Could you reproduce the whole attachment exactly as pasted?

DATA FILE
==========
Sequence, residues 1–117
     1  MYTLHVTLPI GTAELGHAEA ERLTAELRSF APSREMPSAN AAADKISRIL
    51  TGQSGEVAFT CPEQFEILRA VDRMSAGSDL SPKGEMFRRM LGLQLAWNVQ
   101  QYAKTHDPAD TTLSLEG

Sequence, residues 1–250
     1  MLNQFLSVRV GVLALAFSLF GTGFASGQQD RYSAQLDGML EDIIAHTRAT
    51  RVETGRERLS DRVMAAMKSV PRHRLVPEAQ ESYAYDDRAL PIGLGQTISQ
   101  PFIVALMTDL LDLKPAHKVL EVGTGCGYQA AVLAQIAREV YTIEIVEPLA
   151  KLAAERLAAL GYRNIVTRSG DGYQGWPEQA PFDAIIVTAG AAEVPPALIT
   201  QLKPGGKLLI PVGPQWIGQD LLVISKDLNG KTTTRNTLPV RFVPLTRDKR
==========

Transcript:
Sequence, residues 1–117
     1  MYTLHVTLPI GTAELGHAEA ERLTAELRSF APSREMPSAN AAADKISRIL
    51  TGQSGEVAFT CPEQFEILRA VDRMSAGSDL SPKGEMFRRM LGLQLAWNVQ
   101  QYAKTHDPAD TTLSLEG

Sequence, residues 1–250
     1  MLNQFLSVRV GVLALAFSLF GTGFASGQQD RYSAQLDGML EDIIAHTRAT
    51  RVETGRERLS DRVMAAMKSV PRHRLVPEAQ ESYAYDDRAL PIGLGQTISQ
   101  PFIVALMTDL LDLKPAHKVL EVGTGCGYQA AVLAQIAREV YTIEIVEPLA
   151  KLAAERLAAL GYRNIVTRSG DGYQGWPEQA PFDAIIVTAG AAEVPPALIT
   201  QLKPGGKLLI PVGPQWIGQD LLVISKDLNG KTTTRNTLPV RFVPLTRDKR